Nicolás said they’d captured the culprits thanks to “popular intelligence that saw the strange attitude of two trucks (vehicles have attitudes now) they saw them fly the drones and captured them.” The mini-documentary claims that the assassins (11 in total) were offered $50 million; that they were trained in Colombia, that the original plan was set for July 5, but the drones hadn’t arrived. In the second video, Monasterios (AKA Bons) mentions lawmakers Juan Requesens and Julio Borges, which would allegedly “explain” SEBIN’s arrest.

Strangely, Bons’s voice is relaxed; he’s not a man narrating a crime but telling a story, so much so, that despite the handcuffs, he moves his hands comfortably and coherently. Despite showing only that testimony, judge Nicolás took it as a confirmation of his theory, summing up the reach of his arbitrariness, the denial of justice. He said that lawmaker Juan Requesens was a psychopath. It was very serious for prosecutors to allow him to manipulate the investigation’s evidence, from military berets to lead pieces, which the drones supposedly carried.

Other details

Nicolás said that the drone that reached the presidential stage came out of the Cipreses building and flew past TSJ headquarters. His tale suggested that the choice to hold the August 4 celebration in the Bolívar Av. was made by the attackers and not by the government itself. He insisted that the drone that reached his stage had gunpowder and lead and the one that crashed against the Don Eduardo building had C4 and gunpowder. After discrediting lawmaker Requesens, Diosdado Cabello announced that this Wednesday the ANC will strip the lawmakers involved in the “frustrated assassination attempt” off their parliamentary immunity, a faculty which the ANC doesn’t have. Parliamentary immunity can only be stripped by the National Assembly, after a preliminary hearing on merits before the TSJ, according to articles 200 and 266 of the Constitution. Requesens’s arrest, considering his parliamentary immunity and the lack of a judicial warrant against him, is illegal and arbitrary.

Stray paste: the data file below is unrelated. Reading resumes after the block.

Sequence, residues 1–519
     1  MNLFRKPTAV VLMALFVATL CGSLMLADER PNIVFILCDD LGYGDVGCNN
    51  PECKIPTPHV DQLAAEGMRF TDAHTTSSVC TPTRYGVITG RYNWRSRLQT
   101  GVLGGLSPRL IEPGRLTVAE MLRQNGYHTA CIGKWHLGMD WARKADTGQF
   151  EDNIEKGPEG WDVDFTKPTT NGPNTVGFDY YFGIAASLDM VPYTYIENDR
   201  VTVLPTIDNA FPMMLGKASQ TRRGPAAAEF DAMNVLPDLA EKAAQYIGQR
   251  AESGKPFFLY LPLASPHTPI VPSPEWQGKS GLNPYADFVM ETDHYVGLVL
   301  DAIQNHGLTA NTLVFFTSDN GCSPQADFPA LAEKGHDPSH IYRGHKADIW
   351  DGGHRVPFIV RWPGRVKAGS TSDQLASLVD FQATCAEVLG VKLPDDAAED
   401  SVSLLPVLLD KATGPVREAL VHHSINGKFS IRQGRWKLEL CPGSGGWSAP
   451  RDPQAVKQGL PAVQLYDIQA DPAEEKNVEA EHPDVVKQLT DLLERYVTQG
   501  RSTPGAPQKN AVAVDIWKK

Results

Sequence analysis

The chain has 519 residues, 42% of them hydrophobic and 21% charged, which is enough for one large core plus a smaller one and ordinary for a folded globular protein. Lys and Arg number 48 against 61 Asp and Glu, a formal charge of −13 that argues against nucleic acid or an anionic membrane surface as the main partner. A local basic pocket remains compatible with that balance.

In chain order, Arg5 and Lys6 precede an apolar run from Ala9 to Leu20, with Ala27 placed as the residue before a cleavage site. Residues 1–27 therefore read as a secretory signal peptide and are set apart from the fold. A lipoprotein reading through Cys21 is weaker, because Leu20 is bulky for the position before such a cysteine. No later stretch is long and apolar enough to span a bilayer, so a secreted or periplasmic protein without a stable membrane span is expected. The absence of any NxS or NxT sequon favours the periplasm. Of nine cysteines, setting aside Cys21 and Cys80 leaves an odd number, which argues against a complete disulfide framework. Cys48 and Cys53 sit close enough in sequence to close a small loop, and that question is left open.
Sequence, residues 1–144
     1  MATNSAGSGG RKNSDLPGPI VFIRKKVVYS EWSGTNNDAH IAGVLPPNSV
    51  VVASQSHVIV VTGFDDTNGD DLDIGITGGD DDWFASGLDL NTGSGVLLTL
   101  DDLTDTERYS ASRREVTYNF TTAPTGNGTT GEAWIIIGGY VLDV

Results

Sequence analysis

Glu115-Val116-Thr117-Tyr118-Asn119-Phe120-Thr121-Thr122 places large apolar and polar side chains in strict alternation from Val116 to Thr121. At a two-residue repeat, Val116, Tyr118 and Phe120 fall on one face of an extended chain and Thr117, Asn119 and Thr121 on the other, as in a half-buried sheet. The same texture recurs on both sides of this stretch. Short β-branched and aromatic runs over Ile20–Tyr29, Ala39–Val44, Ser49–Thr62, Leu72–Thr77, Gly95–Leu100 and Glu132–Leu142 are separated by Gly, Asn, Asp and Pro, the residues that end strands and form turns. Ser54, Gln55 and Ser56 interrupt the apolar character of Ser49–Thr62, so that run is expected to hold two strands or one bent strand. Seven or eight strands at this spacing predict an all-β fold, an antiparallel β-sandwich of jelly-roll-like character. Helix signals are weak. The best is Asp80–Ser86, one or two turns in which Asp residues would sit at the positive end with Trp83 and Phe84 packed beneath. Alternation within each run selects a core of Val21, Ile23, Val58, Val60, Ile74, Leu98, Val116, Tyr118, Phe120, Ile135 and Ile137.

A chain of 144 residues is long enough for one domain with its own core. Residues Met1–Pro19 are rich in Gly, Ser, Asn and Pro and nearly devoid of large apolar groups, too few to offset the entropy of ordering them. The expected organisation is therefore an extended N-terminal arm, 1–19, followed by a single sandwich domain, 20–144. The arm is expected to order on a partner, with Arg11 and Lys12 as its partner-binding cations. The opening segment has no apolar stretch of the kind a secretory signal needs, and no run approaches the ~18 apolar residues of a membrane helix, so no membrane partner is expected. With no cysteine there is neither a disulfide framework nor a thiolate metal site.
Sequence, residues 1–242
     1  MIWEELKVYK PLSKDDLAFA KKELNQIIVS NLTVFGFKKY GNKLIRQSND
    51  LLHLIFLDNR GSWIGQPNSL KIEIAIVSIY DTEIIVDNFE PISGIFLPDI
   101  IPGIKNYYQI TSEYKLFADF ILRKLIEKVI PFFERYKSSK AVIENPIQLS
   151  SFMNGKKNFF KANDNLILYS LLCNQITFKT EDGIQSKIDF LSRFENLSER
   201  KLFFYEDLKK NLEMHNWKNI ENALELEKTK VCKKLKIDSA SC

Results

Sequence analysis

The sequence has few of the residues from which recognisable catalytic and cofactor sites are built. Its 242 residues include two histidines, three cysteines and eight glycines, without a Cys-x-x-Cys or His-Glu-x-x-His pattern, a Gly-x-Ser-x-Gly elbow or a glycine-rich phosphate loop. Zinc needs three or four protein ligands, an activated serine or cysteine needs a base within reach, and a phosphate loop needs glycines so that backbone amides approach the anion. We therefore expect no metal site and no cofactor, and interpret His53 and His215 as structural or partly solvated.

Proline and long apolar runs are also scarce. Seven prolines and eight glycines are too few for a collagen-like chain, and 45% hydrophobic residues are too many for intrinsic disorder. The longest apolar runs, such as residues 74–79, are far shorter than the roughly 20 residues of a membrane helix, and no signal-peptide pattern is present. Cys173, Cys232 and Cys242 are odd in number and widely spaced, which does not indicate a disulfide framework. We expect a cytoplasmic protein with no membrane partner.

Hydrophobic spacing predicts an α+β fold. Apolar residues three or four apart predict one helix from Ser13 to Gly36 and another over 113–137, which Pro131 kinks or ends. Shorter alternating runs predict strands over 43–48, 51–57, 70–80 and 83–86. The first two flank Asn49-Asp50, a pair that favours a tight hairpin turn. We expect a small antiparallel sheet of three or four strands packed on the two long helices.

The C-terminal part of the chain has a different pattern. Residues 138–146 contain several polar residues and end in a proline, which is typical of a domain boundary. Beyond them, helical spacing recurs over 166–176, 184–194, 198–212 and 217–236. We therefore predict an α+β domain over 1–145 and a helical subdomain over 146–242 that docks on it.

Several Parliament lawmakers went to SEBIN HQ at El Helicoide. Additionally, on social networks someone pulled out the tweet of late Oscar Pérez from December 2017, where he denounced that Osman Delgado Tabosky and Rayder Russo (two of the men Nicolás denounced as perpetrators) are government moles within the “resistance”.

Requesens’s words

Juan Requesens spoke yesterday from the National Assembly’s speaker’s podium. Talking about the case of recently exiled lawmaker José Manuel Olivares and of many young citizens of his generation who are either abroad of buried underground “because they were murdered, because you killed them, Nicolás.” And he went on: “Today, I can speak here, I don’t know about tomorrow (…) what I do want to restate today and what I want to tell the people, is that we’ll continue to do all we can to accomplish what every Venezuelan wants, which is to remove Nicolás Maduro from power, because today Venezuela is demanding, today Venezuela is clamoring, raising its voice to remove him. If we have to talk, let’s talk; if we have to fight, we’ll fight; if we have to protest, we’ll protest and don’t you think for a moment that from Miraflores, with the orders you give to persecute, to kill, to murder, to jail, because you don’t have a strategy (…) the only strategy the dictatorship has here is crushing dissidents, within their ranks and out of them.”

This vulgar and arbitrary script didn’t help them in appearing as the victims, they’re back to being thugs enjoying their role. The witch hunt that’s just starting won’t distinguish between criminals and innocents, which makes it even worse that several opposition members justified these abuses with mistakes committed by other dissidents, instead of addressing the regime’s villainy.